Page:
However, it ultimately wasn’t very successful. Ongoing conflict between the monarch and the Swedish and Danish nobility only led to infighting, rather than a unified front.
This conflict led to the Engelbrekt rebellion. This began in 1434 and it resulted in the overthrow of King Eric. The powerful and influential Swedish nobility and aristocracy sided with the rebels.
Many factors contributed to the rebellion, most notably domestic and foreign policies which required higher taxation. Financial challenges and general discontent with King Eric were also critical. It highlighted the myriad difficulties of creating and governing such a unified state.
Tensions and Conflicts
The Kalmar Union was fraught with tensions and conflicts throughout its history.
The death of the ruler Christopher of Bavaria in 1448, who had no heirs, marked the end of an uninterrupted period of Scandinavian union for the three kingdoms.
This led to a power struggle between Karl Knutsson Bonde, the Swedish king, and Christian of Oldenburg, who ruled over Denmark and Norway. The latter seized control of Sweden for the Danish crown for a short while from 1457 to 1464.
Sweden eventually returned to the control of Karl. The Danish kings repeatedly attempted to assert control over Sweden. However, they were consistently met with opposition from various Swedish nobles, including statesman Sten Sture and his son.
The tensions eventually reached a boiling point when the Danish King Christian II invaded Sweden with a large army in 1520. He killed its regent, Sten Sture the Younger. This directly led to the Stockholm Bloodbath in which Christian II executed Sture’s supporters en masse.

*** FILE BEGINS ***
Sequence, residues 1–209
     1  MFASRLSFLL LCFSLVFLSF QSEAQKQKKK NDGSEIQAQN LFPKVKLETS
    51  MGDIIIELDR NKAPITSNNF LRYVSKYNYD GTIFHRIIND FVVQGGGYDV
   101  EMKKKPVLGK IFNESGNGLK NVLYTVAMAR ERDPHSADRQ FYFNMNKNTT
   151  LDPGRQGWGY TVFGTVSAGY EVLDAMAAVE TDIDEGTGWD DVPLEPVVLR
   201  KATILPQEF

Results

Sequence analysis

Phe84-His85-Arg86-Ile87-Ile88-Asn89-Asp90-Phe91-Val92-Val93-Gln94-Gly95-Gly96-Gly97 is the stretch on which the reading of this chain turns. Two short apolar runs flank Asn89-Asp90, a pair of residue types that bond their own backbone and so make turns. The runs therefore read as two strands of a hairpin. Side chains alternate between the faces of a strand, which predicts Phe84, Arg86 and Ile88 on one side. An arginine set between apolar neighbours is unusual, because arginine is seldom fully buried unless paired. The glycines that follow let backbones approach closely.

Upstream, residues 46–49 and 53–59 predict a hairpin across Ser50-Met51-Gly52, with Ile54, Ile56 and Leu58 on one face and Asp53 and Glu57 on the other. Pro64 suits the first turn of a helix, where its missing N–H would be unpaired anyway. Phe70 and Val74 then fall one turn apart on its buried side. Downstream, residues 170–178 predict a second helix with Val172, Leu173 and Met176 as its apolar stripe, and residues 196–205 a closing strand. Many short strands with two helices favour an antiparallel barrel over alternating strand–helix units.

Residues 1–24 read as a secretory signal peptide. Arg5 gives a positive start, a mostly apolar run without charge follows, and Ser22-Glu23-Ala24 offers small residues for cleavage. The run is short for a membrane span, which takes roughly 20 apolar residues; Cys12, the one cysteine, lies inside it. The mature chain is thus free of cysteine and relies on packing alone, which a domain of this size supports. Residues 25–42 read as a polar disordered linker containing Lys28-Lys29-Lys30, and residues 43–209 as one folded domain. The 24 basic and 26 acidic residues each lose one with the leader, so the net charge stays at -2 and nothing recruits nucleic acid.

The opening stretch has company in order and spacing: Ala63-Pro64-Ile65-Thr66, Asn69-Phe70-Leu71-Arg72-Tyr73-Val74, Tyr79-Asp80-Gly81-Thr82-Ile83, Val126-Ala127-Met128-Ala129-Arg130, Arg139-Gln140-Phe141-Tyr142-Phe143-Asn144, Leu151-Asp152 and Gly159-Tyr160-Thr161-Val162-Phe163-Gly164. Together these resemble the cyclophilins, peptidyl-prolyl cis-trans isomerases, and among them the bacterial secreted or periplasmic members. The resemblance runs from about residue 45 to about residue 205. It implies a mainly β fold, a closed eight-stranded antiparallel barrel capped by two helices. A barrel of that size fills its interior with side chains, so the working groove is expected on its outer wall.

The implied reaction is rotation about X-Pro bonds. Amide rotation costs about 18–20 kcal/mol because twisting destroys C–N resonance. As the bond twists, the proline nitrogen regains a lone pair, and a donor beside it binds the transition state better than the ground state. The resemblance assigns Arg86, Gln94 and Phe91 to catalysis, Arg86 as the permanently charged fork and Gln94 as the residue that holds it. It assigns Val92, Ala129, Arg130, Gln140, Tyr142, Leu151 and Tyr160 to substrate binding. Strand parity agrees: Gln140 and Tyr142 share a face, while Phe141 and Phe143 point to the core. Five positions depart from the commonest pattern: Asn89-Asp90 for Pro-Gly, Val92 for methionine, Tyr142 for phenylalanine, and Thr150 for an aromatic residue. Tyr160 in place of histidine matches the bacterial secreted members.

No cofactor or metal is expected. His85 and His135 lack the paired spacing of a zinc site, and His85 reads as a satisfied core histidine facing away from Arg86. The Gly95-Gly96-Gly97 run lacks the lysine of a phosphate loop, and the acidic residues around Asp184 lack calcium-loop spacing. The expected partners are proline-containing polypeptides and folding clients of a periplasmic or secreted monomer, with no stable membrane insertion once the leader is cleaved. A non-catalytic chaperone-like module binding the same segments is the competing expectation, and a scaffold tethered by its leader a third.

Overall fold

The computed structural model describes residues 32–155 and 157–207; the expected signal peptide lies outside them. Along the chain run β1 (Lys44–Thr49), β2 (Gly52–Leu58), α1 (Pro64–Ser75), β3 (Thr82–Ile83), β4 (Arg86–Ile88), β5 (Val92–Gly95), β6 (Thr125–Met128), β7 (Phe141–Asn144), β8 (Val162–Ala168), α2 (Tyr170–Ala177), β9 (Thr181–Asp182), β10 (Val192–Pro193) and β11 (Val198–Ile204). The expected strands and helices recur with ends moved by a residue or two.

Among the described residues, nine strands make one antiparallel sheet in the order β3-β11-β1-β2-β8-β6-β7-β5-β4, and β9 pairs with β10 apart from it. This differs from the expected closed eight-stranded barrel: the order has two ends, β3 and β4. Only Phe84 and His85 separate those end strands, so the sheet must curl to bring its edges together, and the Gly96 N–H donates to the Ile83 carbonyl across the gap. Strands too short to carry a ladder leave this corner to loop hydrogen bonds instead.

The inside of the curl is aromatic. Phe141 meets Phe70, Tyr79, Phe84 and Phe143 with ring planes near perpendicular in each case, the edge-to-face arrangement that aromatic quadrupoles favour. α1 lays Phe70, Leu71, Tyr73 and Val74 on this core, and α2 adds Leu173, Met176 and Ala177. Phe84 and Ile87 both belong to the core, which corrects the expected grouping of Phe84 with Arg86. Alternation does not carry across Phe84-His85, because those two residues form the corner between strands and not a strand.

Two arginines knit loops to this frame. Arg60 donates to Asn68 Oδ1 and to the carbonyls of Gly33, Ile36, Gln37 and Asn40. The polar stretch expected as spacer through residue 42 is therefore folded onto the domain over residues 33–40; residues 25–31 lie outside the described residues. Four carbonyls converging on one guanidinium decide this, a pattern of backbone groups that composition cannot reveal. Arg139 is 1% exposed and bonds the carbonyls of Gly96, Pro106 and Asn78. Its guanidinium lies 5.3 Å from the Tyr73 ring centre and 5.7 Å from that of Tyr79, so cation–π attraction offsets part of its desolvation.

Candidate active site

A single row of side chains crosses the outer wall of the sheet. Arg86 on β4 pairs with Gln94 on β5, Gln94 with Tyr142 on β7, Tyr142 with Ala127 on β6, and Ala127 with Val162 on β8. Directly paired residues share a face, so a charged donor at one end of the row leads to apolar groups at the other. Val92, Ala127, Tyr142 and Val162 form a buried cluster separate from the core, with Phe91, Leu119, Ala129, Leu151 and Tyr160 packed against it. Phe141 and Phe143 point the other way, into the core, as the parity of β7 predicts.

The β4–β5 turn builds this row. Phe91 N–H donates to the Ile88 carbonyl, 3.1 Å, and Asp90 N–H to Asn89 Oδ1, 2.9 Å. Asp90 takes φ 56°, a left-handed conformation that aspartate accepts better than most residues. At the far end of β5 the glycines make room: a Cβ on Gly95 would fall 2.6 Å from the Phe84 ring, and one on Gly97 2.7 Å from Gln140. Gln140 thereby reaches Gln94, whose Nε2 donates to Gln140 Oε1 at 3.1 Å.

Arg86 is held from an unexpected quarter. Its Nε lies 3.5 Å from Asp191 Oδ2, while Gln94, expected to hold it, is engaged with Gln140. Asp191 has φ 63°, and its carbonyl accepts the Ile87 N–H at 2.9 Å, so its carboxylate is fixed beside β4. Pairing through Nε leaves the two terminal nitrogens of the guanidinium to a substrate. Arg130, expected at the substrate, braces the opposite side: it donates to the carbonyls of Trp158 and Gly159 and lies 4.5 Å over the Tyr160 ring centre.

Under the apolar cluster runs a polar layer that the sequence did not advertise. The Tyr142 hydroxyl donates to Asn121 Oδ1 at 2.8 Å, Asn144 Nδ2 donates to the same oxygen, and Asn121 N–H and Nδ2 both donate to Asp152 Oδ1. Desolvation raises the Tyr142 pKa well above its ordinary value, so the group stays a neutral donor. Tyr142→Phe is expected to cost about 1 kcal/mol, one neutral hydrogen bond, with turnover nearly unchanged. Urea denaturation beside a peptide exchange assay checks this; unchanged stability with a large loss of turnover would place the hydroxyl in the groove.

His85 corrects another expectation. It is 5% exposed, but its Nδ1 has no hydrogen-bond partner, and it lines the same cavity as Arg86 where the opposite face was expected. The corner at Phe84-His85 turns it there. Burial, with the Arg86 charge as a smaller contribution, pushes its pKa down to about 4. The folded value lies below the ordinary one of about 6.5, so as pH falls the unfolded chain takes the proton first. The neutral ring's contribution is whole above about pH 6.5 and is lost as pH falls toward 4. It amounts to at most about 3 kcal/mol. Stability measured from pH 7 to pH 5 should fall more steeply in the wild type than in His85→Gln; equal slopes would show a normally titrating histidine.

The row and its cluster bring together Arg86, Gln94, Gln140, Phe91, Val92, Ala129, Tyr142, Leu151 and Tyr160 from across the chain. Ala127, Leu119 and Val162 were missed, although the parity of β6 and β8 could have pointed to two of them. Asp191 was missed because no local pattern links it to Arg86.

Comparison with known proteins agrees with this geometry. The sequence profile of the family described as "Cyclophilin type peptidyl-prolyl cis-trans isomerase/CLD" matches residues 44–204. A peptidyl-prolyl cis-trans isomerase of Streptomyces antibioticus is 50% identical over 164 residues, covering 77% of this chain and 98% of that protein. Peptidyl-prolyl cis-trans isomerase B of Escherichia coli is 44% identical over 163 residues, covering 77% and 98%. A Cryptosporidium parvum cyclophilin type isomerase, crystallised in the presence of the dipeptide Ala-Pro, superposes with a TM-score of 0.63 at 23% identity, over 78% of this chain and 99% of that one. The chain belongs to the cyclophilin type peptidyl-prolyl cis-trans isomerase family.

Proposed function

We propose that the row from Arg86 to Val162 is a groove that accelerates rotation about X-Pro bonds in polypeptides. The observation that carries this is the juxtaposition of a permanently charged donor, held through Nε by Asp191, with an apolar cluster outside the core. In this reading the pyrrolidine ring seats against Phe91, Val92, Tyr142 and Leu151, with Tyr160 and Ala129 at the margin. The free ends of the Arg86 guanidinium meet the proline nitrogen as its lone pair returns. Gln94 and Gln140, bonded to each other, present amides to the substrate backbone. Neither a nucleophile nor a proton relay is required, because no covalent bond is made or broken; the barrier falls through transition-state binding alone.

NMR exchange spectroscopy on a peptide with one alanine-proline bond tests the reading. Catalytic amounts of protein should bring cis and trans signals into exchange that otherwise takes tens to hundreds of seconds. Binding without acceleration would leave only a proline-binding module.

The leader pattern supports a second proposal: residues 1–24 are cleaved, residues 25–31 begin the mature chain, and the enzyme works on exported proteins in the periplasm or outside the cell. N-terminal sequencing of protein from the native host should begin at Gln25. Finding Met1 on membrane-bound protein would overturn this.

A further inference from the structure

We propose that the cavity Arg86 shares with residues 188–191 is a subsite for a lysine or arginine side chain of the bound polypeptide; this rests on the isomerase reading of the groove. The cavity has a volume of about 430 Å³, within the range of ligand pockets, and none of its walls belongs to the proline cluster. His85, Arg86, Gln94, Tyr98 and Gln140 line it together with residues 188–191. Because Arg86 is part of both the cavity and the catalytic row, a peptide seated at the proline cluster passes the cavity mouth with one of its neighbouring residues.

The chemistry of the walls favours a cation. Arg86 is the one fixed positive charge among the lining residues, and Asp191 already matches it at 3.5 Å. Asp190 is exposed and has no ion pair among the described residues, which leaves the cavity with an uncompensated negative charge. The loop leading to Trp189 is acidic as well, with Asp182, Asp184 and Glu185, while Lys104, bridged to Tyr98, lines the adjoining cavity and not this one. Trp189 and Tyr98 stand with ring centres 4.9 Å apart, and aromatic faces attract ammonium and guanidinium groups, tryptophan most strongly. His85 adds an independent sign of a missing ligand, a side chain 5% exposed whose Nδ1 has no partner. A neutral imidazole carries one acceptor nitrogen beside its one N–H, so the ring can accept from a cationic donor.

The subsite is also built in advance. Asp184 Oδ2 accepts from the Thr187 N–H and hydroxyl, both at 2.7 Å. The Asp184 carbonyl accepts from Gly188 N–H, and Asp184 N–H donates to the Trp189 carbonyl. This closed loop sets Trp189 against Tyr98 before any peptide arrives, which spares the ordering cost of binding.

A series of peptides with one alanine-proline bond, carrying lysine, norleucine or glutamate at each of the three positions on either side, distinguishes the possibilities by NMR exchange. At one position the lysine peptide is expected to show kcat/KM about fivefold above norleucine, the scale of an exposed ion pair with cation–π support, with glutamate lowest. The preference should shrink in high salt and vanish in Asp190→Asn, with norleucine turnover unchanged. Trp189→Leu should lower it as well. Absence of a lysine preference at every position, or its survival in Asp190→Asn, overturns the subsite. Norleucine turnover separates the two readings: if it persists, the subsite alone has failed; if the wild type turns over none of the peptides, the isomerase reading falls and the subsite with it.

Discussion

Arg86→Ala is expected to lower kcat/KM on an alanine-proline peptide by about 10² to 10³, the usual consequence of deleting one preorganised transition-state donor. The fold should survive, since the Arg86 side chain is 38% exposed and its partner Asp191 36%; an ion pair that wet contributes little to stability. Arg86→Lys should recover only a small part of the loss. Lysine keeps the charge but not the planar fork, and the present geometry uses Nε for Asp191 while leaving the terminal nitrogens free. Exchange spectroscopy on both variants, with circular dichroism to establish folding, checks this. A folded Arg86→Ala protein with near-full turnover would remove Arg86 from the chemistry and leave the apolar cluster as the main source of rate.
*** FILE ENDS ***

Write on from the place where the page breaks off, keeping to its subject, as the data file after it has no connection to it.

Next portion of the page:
The Union also lost territory when Orkney and Shetland were annexed by the Kingdom of Scotland. This was after Christian I pledged them as security for his daughter’s dowry but failed to pay the required amount.
The picture painted by the history of the Kalmar Union is one of tension, fragility, and frankly, a union that wasn’t meant to last. It wouldn’t.
The Dissolution and End of the Kalmar Union
The downfall of the Kalmar Union began with the Stockholm Bloodbath. This marked a turning point in the history of the three Scandinavian kingdoms.
After the massacre, the nobleman Gustav Vasa organized a rebellion against King Christian II. He formed an alliance with Lübeck, the seat of the Germans’ Hanseatic League, which helped him conquer most of Sweden.
By 1523, it was all over. Vasa was crowned King of Sweden, effectively ending the Kalmar Union.
Although the Norwegian throne remained under Danish control, the Union’s power and influence were seriously diminished. Eventually, the Treaty of Stettin in 1570 saw Denmark renounce all claims to Sweden. This certified Sweden’s independence from the other Scandinavian kingdoms.
From the start, tensions and conflicts plagued the Kalmar Union and, ultimately, led to its downfall. Yet, they also paved the way for the emergence of modern Sweden, Norway, and Denmark as separate sovereign states, each with distinct identities and cultures.
Gustafsson, Harald. “The Forgotten Union.” Scandinavian Journal of History, vol. 42, no. 5, 2017, pp. 560–582., https://doi.org/10.1080/03468755.2017.1374028. Accessed 8 Apr. 2023.
Imsen, Steinar. “The Union Of Calmar —Nordic Great Power Or Northern German Outpost?” Politics and Reformations: Communities, Polities, Nations, and Empires, Brill, 2007, pp. 471–489.
“Kalmar Union.” Encyclopædia Britannica, Encyclopædia Britannica, Inc., https://www.britannica.com/place/Kalmar-Union.